“We are going to have to consolidate the number of schools that we educate our children in,” Mayor Vincent Gray said Wednesday at a press conference introducing D.C.’s new five year education plan. Gray said the D.C. Public Schools (DCPS) system is presently “unsustainable” and some schools must be closed in order to provide the “ancillary services [District residents] would like to see in schools.”
Gray echoed the findings of a DCPS-commissioned study conducted by The Illinois Facilities Fund (IFF) which called for either turning around 38 schools or closing them, potentially converting them into charter schools.
The study was funded by a $100,000 grant from The Walton Foundation, i.e. Walmart, which is looking to bring six stores to D.C. and is known to promote charter schools, not traditional public schools (or their unions). In addition to the Walmart connection, education experts and activists also question the objectivity of IFF, which is a real estate consulting firm that has lent out more than $57 million to charters.
School officials, of course, knew about IFF going in, yet they selected the firm anyway, and in a less than transparent process. De’Shawn Wright, D.C.’s deputy mayor for education, chose IFF without putting the contract up for competitive bidding, which he didn’t have to do since the Walton Foundation was footing the bill, not taxpayers.
It’s not surprising Wright was able to secure private funding for the study since he’s accustomed to rubbing shoulders with the One Percent. Before coming to D.C., Wright worked behind the scenes to help secure a $100 million matching grant to Newark’s school system from Facebook co-founder Mark Zuckerberg. In 2008, with assistance from the Walton and Bill & Melinda Gates Foundations, among other major donors, Wright helped found the Newark Charter School Fund, which in its first two years paid out more to consultants and administrators like himself than it gave to schools.
As the District announced it would be commissioning the IFF study, Wright offered his thoughts, which were remarkably similar to the conclusions the study would go on to reach. “Let’s be completely candid here… we have to right-size the [school system],” he said. “If that ruffles a few feathers, then so be it.”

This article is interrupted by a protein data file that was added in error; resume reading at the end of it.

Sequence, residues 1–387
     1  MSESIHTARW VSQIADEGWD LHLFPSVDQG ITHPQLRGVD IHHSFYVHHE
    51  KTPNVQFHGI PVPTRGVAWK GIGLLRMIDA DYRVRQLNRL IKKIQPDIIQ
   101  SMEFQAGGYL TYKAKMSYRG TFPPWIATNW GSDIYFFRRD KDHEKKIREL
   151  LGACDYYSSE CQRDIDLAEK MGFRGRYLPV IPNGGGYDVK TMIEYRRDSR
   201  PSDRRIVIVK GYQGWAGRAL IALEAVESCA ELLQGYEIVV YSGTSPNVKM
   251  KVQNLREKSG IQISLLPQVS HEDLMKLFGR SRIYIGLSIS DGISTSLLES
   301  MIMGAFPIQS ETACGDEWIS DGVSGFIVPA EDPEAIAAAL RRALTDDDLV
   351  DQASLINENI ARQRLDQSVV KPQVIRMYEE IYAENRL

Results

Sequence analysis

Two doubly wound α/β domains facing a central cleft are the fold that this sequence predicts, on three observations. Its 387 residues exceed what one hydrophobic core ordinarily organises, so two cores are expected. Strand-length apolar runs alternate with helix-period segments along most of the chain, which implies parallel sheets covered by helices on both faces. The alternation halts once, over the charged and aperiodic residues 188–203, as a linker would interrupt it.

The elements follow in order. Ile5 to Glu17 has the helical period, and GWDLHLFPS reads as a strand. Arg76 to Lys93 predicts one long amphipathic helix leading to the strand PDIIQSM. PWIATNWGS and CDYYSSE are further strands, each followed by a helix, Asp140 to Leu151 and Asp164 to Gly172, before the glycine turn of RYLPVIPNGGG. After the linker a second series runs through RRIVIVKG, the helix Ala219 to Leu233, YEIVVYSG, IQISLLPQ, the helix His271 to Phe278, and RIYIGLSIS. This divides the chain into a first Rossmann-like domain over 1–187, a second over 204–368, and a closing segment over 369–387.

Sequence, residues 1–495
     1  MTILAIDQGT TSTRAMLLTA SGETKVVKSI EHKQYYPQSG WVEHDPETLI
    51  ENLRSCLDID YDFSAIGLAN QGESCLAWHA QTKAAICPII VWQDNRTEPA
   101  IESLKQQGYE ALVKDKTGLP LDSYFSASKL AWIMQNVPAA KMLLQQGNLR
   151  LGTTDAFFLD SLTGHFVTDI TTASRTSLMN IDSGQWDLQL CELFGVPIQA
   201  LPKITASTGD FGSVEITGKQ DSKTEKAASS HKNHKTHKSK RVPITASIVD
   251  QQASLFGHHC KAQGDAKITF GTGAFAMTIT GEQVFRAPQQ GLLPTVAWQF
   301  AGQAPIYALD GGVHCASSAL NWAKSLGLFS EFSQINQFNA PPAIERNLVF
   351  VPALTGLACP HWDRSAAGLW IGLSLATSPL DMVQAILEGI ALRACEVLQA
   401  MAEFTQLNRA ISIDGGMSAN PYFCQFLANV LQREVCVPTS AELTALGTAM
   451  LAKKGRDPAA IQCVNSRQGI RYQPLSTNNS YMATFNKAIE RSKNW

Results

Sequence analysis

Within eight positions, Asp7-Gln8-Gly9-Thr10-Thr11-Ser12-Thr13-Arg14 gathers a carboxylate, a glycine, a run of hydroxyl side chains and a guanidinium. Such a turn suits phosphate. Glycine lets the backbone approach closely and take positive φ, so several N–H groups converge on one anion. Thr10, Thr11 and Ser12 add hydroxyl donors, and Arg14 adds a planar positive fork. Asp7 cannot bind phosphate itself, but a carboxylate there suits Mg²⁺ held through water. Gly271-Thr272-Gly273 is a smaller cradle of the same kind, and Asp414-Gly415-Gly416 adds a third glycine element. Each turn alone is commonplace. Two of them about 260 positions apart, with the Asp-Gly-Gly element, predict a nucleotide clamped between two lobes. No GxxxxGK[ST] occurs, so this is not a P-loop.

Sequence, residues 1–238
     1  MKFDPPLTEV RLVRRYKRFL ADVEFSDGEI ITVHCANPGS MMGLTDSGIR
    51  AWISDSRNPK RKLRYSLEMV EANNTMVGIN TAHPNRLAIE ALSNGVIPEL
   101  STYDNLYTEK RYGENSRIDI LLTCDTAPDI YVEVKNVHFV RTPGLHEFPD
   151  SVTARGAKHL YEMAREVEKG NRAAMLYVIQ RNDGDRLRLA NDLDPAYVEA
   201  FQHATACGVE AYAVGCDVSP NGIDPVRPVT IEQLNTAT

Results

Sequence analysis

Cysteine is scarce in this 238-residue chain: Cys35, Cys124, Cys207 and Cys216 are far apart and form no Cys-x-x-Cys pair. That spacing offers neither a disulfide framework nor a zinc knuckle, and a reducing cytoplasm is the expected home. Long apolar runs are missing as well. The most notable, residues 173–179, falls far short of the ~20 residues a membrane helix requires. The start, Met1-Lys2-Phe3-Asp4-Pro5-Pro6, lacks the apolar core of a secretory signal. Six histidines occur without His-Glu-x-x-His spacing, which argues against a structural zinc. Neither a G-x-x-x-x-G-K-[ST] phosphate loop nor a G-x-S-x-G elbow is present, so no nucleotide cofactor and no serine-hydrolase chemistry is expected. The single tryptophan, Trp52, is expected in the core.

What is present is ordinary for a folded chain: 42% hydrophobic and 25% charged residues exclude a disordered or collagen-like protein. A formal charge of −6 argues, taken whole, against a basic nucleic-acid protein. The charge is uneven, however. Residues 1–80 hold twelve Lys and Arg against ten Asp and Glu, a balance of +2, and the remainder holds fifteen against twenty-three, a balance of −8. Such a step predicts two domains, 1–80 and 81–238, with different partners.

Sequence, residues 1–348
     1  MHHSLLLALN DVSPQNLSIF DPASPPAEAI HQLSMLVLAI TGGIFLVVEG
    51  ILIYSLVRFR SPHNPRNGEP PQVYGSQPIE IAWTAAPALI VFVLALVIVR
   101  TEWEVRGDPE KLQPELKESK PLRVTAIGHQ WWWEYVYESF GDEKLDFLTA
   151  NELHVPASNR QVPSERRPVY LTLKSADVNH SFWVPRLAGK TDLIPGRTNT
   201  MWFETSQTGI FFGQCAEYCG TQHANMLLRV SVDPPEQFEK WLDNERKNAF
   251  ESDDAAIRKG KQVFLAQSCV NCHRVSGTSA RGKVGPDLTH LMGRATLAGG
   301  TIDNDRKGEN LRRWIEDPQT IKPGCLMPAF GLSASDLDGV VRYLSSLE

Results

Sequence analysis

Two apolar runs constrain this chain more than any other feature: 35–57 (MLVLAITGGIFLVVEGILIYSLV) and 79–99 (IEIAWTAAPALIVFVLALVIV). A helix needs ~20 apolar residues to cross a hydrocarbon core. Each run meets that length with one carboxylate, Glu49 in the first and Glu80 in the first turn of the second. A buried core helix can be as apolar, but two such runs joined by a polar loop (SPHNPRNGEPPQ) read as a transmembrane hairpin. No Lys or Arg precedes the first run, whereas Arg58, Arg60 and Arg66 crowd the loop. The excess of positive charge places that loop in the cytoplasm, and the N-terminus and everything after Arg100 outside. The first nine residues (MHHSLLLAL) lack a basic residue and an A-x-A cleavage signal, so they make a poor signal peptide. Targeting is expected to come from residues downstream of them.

D.C. Schools Chancellor Kaya Henderson seemed to be reading from a similar playbook as she stood alongside Gray at Wednesday’s press conference, although she offered a gentler tone. “I don’t want us to think about this just in terms of school closings,” she said in response to TheFightBack’s question. “I really want us to think about this in terms of right-sizing.”
Henderson has spent several years trying to “right-size” D.C. public schools. As Michelle Rhee’s Number Two, Henderson helped her predecessor close 23 public schools, mostly in D.C.’s less affluent communities. At the same time, Rhee/Henderson increased funding for public schools in wealthy upper northwest, as well as for charters, which now educate 40 percent of D.C.’s students, compared to only 5 or 6 percent nationally.
Henderson also played a key role in Rhee’s campaign against DCPS teachers which culminated in a controversial contract funded with $64.5 million in private money, including $25 million from the Walton Foundation, which severely undermined teacher protections and tenure. (The union president who inked the deal, George Parker, went on to work for StudentsFirst, Rhee’s organization which seeks to push her anti-teacher agenda nationwide, or at least in states where right-wing governors will take her in.)
Throughout the Rhee/Henderson reign, the public has been told, particularly by the conflicted Washington Post, that school reform is working, as evidenced by improving test scores. It turns out, however, these test gains may be the result of widespread cheating, as test erasure mark irregularities appear to indicate. D.C. Inspector General Charles Willoughby says he’s looking into the situation, but it’s unclear how carefully.
What is clear is that the Rhee/Henderson agenda continues apace. Ironically, now Gray is leading the charge despite the fact that he came into office in no small part because of his opposition to these very policies.
The further irony is that D.C. officials are big promoters of “neighborhood schools”; at least in wealthier parts of the city. Officials, of course, aren’t likely to plainly state this. Instead, they label schools in less affluent areas “underperforming,” which then provides the needed justification for closing them.
In a starkly divided city, schools could be a great equalizer. With the continuation of the Rhee/Henderson reign, however, D.C.’s achievement gap, already among the nation’s worst, may become even wider.